Get Ready for Summer School or Get Held Back

On Monday, February 1, Dr. Adrienne Battle announced a return to in-person instruction in Metro Schools to be phased in over the next four weeks. (Courtesy Nashville Community News)

NASHVILLE, TN – Dr. Adrienne Battle, Director of Metro schools, announced a phased-in return to schools beginning this week. Grades Pre-K-4 and exceptional needs kids can return Tuesday, February 9; Grades 5 and 9 on Thursday, February 18; Middle School Grades 6-8 on Thursday, February 25; High School Grades 10-12 on Wednesday, March 3.

Parents who opted for virtual learning can continue to do so until the end of the school year.

Battle based her decision on the COVID-19 risk score. Davidson County Public Health officials calculate COVID-19 risk using three metrics: the 7-day average positivity rate (20%), the 7-day average of new cases per 100,000 residents (60%), and the transmission rate (20%).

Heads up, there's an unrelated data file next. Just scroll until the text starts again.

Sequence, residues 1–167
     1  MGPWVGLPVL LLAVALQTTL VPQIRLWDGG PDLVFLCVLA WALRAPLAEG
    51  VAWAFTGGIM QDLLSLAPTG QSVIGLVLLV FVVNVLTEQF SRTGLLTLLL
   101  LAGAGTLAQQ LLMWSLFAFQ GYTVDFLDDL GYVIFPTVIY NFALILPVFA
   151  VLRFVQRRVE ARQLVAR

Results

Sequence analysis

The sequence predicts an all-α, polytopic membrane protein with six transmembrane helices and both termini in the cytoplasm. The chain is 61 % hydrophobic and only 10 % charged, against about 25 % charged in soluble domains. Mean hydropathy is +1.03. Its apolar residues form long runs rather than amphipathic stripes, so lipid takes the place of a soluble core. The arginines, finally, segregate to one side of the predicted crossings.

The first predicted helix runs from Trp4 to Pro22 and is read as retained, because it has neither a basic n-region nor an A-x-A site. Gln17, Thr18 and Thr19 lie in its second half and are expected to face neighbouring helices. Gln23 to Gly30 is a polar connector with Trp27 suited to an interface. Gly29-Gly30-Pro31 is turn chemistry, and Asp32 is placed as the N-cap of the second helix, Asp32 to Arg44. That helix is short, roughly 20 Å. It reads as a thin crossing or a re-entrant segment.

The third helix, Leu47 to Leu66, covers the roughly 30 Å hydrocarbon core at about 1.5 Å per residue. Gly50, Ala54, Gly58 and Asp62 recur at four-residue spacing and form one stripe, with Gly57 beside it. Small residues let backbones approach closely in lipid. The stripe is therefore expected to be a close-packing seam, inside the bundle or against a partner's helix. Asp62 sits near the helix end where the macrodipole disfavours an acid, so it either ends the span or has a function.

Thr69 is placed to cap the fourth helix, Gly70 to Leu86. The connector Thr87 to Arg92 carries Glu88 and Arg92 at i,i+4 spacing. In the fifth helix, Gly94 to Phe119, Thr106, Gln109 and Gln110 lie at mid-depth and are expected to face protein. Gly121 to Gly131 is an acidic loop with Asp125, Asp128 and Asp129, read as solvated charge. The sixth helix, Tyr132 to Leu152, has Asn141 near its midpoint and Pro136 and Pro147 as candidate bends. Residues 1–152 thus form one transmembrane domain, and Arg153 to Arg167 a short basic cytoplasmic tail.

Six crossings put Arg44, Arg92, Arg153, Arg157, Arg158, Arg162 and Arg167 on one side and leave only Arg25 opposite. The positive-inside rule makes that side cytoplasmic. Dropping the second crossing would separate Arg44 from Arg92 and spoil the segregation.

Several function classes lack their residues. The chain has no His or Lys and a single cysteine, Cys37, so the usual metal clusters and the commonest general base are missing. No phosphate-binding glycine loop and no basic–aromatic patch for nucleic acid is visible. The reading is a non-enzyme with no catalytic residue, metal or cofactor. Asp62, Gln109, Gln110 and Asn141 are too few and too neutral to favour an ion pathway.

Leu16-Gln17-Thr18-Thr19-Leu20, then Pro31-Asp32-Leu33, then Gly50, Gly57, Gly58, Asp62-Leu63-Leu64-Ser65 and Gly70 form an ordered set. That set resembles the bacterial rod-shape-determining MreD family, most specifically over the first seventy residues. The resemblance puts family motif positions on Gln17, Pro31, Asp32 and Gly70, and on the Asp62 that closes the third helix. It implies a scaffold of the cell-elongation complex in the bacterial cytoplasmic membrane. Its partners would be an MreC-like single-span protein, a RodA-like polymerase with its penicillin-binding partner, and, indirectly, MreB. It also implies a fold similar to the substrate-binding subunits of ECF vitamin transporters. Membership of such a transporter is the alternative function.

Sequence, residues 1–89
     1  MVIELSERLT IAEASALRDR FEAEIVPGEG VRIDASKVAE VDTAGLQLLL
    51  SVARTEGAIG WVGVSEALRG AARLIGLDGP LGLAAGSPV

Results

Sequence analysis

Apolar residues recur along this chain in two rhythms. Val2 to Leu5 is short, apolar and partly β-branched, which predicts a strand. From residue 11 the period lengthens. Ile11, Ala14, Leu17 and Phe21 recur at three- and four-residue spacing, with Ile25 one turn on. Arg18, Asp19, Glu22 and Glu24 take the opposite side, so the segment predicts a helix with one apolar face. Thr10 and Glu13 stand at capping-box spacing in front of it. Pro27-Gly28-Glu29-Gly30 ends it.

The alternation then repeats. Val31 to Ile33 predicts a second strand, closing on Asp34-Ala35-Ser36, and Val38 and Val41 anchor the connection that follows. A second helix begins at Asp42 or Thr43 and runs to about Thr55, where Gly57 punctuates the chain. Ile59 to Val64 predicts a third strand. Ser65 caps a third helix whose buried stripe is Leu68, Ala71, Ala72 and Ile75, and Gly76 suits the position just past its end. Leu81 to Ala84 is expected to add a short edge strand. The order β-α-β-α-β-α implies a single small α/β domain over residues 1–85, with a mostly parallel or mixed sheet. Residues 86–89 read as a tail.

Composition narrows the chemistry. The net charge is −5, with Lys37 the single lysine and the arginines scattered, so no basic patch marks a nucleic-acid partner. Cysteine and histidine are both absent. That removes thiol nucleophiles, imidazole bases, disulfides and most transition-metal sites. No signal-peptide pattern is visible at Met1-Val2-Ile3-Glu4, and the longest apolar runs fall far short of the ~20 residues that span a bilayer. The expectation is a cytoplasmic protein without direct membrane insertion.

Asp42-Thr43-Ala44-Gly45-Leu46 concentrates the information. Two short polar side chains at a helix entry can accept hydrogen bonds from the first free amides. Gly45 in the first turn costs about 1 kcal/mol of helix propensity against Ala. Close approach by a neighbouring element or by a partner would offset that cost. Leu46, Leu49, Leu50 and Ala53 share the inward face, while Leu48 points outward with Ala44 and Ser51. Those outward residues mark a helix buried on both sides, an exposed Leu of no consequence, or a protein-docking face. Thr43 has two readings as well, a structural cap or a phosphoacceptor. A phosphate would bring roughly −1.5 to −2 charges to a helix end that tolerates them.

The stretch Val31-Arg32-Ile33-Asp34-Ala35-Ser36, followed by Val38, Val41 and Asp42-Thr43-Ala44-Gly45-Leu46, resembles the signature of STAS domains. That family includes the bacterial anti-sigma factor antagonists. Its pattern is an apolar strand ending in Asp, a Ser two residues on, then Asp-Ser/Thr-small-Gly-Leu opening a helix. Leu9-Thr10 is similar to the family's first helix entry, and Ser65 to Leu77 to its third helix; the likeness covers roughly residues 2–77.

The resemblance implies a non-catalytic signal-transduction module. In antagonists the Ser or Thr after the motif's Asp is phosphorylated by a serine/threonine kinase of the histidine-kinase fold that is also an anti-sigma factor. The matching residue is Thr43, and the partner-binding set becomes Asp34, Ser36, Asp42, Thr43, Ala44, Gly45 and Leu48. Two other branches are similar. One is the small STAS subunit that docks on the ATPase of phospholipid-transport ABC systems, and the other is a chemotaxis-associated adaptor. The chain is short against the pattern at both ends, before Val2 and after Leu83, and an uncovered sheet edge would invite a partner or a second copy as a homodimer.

Last week the risk score fell below 7.0 and has stayed there so Battle made the call. Infections have dropped all over the country. Nobody knows exactly why. Three weeks ago Davidson County and Tennessee were in the “extreme risk” category, according to the New York Times Covid-19 project.

“We are in the process of finalizing our plans for the application of funds for materials, supplies, and additional support measures for students and staff,“ said MNPS spokesperson Sean Braisted. He said that includes additional measures to improve air quality. Braisted said that Metro schools have plenty of PPE (facemasks) and cleaning supplies to disinfect classrooms.

Battle has the support of Mayor John Cooper and a majority of the Davidson County School Board but not Governor Bill Lee. For months, Lee has advocated returning to in-person instruction and has publicly rebuked schools officials of Tennessee’s largest school districts for not returning to in-person instruction.

“It’s time to intervene for our kids,” Lee told state lawmakers last month. Lee called them to a special education session January 19-23.